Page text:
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When my parents began to talk about spring cleaning, I made a point of staying outside as much as possible. The idea was that they would see me having so much fun in the sunshine after a long winter that they would sigh, shake their heads with a smile and go about the cleaning all on their own, without help from their very busy daughter.

It worked for a while, but not nearly as long as I hoped it would. I was soon corralled into cleaning.

I hated the dust that rose up from everything, the smell of the cleaning supplies and the way that our possessions seemed to multiply during the winter, so that what once fit neatly into the boxes and shelves now spilled over like crazy clowns erupting from a clown car.

Then came the dreaded command: Figure out what you’re going to throw away or donate.

The throwing away part was easy. That was for the things that were broken beyond repair or otherwise damaged to a point that no one else would possibly want them. But the donation part? That was really, really hard. That meant that I was being asked to give up some of my precious toys. Suddenly, toys I hadn’t thought about all year were absolute must-haves that simply could not go to someone else — they were far too special!

At that point my mother would hand me a storage container. She would point at it and tell me in a firm voice: “Donation box. Now.”

Oh, the wailing and crying and gnashing of teeth!

But sure enough, a week later I forgot all about those toys that had gone to the donation bin.

So I knew what would happen when my children came of toy donation age. They tried the same tricks I did to get out of the spring cleaning rituals, and fortunately for them, my cleaning wasn’t as speedy as my parents’ was. I would still be going through things during the first hot months of summer. Unfortunately, this meant that I was more than ready to get all the flotsam out of there before Christmas rolled around.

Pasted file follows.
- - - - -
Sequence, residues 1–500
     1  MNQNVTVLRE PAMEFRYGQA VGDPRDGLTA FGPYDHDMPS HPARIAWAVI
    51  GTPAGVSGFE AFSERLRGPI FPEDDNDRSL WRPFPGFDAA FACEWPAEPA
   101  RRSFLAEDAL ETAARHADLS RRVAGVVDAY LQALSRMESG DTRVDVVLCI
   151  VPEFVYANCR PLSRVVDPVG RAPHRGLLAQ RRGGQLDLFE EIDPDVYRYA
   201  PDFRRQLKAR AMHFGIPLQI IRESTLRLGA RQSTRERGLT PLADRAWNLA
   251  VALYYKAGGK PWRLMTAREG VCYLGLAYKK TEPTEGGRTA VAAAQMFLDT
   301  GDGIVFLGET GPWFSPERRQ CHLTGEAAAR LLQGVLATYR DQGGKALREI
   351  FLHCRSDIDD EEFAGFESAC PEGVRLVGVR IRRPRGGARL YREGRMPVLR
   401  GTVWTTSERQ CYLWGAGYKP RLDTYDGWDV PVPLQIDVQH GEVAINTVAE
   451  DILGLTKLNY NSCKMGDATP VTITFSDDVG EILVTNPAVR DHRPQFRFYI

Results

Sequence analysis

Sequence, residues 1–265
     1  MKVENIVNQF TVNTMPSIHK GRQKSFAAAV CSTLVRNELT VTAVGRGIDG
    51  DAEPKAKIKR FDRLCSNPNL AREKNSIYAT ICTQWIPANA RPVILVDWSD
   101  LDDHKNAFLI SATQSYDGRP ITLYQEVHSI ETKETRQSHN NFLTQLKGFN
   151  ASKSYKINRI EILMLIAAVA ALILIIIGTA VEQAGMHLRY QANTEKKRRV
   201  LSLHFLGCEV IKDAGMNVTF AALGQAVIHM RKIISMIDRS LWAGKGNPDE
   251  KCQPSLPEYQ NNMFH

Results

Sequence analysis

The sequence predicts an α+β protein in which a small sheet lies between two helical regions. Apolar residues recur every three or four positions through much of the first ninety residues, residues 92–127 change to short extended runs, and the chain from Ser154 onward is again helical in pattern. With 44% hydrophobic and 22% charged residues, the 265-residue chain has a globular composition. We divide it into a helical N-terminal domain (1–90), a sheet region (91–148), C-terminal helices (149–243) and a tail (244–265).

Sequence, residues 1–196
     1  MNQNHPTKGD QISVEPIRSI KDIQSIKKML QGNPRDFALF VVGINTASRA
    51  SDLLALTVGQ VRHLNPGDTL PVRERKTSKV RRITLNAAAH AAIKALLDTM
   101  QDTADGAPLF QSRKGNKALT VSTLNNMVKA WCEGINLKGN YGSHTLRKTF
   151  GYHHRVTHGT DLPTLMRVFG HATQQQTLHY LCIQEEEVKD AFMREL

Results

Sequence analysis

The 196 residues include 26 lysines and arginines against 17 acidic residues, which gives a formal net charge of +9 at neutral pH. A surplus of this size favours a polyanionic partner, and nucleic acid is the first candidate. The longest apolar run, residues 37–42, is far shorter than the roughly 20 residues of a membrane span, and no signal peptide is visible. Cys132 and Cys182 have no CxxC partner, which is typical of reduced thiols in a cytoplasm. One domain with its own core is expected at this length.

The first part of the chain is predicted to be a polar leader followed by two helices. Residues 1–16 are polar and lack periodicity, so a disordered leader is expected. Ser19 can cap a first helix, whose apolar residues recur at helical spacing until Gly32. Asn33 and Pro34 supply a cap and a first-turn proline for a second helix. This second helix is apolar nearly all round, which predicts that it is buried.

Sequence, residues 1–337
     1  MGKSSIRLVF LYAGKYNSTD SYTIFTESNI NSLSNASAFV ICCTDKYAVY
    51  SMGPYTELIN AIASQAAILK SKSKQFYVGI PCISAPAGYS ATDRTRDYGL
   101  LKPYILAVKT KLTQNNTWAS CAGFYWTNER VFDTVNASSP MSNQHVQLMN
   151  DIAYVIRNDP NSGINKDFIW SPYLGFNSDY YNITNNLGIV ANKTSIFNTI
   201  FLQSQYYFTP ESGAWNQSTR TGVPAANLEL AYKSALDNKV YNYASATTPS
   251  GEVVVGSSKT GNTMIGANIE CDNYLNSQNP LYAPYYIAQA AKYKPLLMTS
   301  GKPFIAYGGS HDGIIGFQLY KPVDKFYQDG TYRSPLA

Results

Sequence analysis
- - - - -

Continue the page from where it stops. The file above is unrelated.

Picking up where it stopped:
After dealing with the expected wailing and crying, I came up with a plan. Three colorful bins were placed in the middle of the bedroom floor. “One box is for the things you want to keep in here, right now, today,” I said. “Another box is for those things you want to hide up in the attic until you want them. The third box is for those things that you want to put in the garage.”

I didn’t say, of course, what the garage bin was really for. It was simply going to the garage — and the kids probably already knew that things relegated to the garage didn’t last long.

But sure enough, it worked. The kids had the things they wanted, they had a few neat memories up in the attic to play with, and they never once asked about the bin that went to the donation center — uh, I mean, the garage.

It all came full circle this week when I visited my son and daughter-in-law. His five-year-old daughter, the cutest grandbaby you have ever seen in your life, also happens to be one of the most stubborn little girls who ever walked the planet. I watched with barely concealed laughter as she told him, flat-out, that she was not getting rid of any of her toys. In fact, she was sleeping with all of them. In her bed. Starting now.

And then she proceeded to put all of her toys — broken or not — on her bed.

She is sound asleep among them now. My poor son and his wife are trying to figure out how in the world to get those toys out of her bed before it’s time for laundry day. I think they have given up on anything further than that. Baby steps, you know.

Tonight, I will tell them about the bin idea. Probably. I just want to savor this sweet “what goes around comes around moment” for a while.

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Shannon Dauphin Lee

Shannon Dauphin Lee is a journalist and occasional novelist with a serious weakness for real estate. When she's not writing, she and her husband are taking road trips to explore covered bridges, little wineries and quaint bed-and-breakfast inns in their beloved Pennsylvania.